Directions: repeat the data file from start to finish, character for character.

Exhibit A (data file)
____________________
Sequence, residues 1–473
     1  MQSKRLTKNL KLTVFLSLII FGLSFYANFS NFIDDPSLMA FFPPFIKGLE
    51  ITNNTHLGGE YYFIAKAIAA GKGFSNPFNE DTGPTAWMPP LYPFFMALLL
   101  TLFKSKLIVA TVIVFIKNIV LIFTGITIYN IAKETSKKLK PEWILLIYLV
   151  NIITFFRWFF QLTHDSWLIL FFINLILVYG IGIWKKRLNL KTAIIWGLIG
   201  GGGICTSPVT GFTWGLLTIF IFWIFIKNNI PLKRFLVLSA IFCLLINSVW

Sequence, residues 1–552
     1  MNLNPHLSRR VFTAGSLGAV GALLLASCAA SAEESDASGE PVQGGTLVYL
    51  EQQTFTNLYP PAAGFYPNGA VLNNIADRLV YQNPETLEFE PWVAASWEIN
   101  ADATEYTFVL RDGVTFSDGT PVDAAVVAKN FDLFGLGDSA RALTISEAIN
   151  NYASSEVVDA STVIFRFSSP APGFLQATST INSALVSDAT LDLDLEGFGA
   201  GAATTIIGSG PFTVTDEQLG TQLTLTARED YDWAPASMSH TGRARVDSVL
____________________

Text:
Sequence, residues 1–473
     1  MQSKRLTKNL KLTVFLSLII FGLSFYANFS NFIDDPSLMA FFPPFIKGLE
    51  ITNNTHLGGE YYFIAKAIAA GKGFSNPFNE DTGPTAWMPP LYPFFMALLL
   101  TLFKSKLIVA TVIVFIKNIV LIFTGITIYN IAKETSKKLK PEWILLIYLV
   151  NIITFFRWFF QLTHDSWLIL FFINLILVYG IGIWKKRLNL KTAIIWGLIG
   201  GGGICTSPVT GFTWGLLTIF IFWIFIKNNI PLKRFLVLSA IFCLLINSVW

Sequence, residues 1–552
     1  MNLNPHLSRR VFTAGSLGAV GALLLASCAA SAEESDASGE PVQGGTLVYL
    51  EQQTFTNLYP PAAGFYPNGA VLNNIADRLV YQNPETLEFE PWVAASWEIN
   101  ADATEYTFVL RDGVTFSDGT PVDAAVVAKN FDLFGLGDSA RALTISEAIN
   151  NYASSEVVDA STVIFRFSSP APGFLQATST INSALVSDAT LDLDLEGFGA
   201  GAATTIIGSG PFTVTDEQLG TQLTLTARED YDWAPASMSH TGRARVDSVL